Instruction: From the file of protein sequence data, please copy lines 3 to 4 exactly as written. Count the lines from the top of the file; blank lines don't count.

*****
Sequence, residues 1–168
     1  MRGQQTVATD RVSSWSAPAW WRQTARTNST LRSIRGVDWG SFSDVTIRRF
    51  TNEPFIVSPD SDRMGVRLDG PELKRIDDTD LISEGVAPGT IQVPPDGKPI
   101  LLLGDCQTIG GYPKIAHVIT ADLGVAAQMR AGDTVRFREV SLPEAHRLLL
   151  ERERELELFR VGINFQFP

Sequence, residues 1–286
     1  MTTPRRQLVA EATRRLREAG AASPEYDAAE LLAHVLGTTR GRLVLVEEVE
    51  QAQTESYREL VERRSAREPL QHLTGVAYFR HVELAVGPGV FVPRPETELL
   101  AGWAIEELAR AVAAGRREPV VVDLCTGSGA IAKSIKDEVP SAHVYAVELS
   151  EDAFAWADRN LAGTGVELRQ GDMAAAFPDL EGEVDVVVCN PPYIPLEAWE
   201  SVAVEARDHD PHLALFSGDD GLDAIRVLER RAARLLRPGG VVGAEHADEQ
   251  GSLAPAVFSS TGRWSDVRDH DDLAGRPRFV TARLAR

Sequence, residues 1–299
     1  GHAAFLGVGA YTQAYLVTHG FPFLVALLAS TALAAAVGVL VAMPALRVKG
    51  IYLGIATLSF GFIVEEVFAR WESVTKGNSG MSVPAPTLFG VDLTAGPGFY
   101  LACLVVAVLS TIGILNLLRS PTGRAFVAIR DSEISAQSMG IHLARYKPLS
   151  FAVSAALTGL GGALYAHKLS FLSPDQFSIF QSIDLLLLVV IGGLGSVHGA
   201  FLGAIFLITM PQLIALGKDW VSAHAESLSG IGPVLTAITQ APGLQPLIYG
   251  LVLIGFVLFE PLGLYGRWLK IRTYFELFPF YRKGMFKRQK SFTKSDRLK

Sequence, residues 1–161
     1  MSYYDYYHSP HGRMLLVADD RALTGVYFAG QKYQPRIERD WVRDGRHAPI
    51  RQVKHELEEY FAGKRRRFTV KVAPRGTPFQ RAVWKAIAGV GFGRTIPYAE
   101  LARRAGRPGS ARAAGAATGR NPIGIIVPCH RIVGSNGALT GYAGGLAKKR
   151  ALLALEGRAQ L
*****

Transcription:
    51  TNEPFIVSPD SDRMGVRLDG PELKRIDDTD LISEGVAPGT IQVPPDGKPI
   101  LLLGDCQTIG GYPKIAHVIT ADLGVAAQMR AGDTVRFREV SLPEAHRLLL